And did you hear the story about how her husband — the electrical engineer — proposed many times. She (by then Dee) finally accepted so casually he didn’t realize it until he heard her making wedding arrangements on the phone — for the following weekend. A friend said they were proof that opposites attract — because “John is MENSA material and Dee — well, Dee does cowboy poetry” — a punchline she delivers with a laugh that could cure migraines.
And what about their three children? Son Daniel, adopted at the age of 28 months, was so musical. “He knew so many poems and songs that I was amazed. He also wanted to play a fiddle and didn’t think much of anyone who couldn’t! Some foster parent had spent a lot of time with this precocious child. He soon learned to play fiddle, of course, and he could dance as he fiddled. He has recently retired from 37 years in the Army.”
Son Tim died recently at Payson Care Center after a near-fatal car accident 17 before which had left him half paralyzed, unable to speak, sit up, or stand. She visited him every day. She says a Shaman friend went to see him. “He said, ‘Tim’s in there and I will prove it.’ He did.”
During his first year in confinement, Dee helped Tim communicate — first to tap his finger for YES or NO, then to spell words when she presented him — first with an alphabet, then with the letters of a computer keyboard. The first thought he composed was “I want out.” The next was “I love you.” Dee said, “That just broke my heart.” Tim had been an electrician, a carpet layer, and an auto mechanic. He could fix anything. After the accident, she went to visit him every day. Most days when she left, he would spell out “I love you Mother.” He died just before COVID struck. She says, “It’s a mercy he died before that came — it would have cut off my visits and those of all others.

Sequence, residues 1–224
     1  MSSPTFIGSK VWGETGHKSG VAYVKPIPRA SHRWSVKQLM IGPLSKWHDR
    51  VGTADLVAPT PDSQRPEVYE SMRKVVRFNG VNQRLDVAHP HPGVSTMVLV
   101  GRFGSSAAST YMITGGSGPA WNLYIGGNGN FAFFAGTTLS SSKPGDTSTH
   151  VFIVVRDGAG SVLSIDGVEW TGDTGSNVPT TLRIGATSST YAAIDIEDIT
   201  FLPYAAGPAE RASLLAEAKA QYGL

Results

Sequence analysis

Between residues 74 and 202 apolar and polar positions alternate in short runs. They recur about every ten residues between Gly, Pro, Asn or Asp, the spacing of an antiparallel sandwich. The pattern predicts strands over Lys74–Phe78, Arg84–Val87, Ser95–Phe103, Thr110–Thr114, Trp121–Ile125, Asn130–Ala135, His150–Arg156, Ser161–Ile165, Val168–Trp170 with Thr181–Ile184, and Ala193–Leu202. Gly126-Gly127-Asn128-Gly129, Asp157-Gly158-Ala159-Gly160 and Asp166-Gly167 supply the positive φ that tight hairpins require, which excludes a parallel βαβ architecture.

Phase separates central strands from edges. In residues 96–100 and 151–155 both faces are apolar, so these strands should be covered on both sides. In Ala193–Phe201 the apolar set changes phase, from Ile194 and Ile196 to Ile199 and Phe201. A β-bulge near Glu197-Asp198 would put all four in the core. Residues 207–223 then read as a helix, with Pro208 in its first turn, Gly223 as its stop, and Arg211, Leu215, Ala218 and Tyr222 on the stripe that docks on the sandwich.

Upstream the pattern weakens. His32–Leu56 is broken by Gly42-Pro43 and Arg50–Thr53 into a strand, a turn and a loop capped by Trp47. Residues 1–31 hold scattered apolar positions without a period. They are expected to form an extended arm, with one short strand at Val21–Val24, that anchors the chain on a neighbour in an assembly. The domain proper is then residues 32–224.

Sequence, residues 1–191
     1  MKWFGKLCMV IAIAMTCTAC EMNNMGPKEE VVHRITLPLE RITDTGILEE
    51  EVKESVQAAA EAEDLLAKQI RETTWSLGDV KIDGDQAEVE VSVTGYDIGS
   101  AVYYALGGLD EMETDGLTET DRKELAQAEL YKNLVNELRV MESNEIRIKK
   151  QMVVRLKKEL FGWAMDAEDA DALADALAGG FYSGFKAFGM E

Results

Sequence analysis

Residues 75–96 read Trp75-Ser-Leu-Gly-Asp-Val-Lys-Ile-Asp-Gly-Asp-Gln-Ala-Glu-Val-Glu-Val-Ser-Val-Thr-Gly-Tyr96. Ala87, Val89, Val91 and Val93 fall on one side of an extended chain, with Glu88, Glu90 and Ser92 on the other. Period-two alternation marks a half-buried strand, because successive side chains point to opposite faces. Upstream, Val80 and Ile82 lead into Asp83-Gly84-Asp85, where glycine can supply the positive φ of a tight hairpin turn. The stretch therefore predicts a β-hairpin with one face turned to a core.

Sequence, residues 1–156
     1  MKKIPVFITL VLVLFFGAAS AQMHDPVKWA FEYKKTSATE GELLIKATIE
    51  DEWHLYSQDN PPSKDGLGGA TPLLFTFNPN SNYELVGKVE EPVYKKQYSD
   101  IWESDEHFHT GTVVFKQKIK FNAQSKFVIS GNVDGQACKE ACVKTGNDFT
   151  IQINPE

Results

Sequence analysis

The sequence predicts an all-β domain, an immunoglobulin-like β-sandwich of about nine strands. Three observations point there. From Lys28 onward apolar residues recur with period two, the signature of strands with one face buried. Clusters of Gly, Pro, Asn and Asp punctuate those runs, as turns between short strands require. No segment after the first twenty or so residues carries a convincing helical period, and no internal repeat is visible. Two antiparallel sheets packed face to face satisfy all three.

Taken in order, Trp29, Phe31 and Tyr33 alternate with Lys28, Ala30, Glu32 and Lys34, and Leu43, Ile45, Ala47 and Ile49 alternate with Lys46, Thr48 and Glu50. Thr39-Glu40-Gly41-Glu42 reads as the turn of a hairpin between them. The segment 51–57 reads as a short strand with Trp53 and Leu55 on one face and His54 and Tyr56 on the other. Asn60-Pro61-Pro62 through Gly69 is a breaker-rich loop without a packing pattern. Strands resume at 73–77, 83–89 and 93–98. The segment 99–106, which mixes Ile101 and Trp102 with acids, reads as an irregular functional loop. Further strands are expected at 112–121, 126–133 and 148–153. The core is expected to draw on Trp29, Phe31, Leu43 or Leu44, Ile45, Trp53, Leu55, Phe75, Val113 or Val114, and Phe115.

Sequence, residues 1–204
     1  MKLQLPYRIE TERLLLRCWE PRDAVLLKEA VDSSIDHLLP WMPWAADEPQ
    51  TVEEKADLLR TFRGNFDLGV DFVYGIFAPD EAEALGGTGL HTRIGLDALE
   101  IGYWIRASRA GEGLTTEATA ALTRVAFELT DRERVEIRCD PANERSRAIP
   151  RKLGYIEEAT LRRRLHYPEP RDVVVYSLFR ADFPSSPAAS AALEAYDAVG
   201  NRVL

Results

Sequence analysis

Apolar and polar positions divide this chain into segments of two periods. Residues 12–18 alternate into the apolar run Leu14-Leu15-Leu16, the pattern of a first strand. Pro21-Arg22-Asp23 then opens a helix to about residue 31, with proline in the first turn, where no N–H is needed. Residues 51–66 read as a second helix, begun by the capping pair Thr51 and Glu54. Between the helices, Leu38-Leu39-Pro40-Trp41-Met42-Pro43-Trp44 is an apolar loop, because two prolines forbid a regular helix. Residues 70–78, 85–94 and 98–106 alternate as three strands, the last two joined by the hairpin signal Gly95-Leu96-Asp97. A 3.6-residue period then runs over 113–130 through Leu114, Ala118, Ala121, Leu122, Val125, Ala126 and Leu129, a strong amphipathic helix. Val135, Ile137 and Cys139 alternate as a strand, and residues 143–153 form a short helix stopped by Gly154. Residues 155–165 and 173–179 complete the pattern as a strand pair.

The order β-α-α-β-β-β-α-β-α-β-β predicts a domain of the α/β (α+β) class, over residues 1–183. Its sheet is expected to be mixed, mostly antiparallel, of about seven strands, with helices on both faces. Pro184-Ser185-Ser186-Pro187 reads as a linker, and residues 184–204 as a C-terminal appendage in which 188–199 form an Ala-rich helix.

Oh, my such a sad and luminous story.
And we haven’t talked about their daughter Becky, adopted at 1 year — a bright child who could read at age 3 and tested genius category at age 4. She now lives near a small town in Virginia where she turned an abandoned strip of grass into a thriving farmers market. She became the mentor and mother figure to all the vendors, including the black preacher with a gift for making barbecue sauce and the Ukrainian vendor who Becky coached to turn the baked goods of her native land into a farmers market sensation.
Might as well give it up.
Who can explain poetry or love or life? It’s mysterious and grand and heartbreaking. The poets know this and tackle the great mystery in fragments and snatches to help us bear the darkness and nurture the light.
So Dot’s poems are little glints of light from the river bottom, gleaming through the dark waters.
She sends them to her friend, crushed by his divorce which he cannot bear or explain after 23 years of marriage. “Christmas was terrible for him,” she says, always gripped by the stories of others. “So every day I send him something — some Scripture or silly poem. I want him to know that there is a bright ending. It’s like a railroad tunnel. You go into the darkness and you can’t see a thing. You’re fearful and in the dark. And then you see a tiny bit of light that gets brighter and brighter. The light will come at the end of the tunnel. It’s coming! Don’t forget that. The miracle is coming!”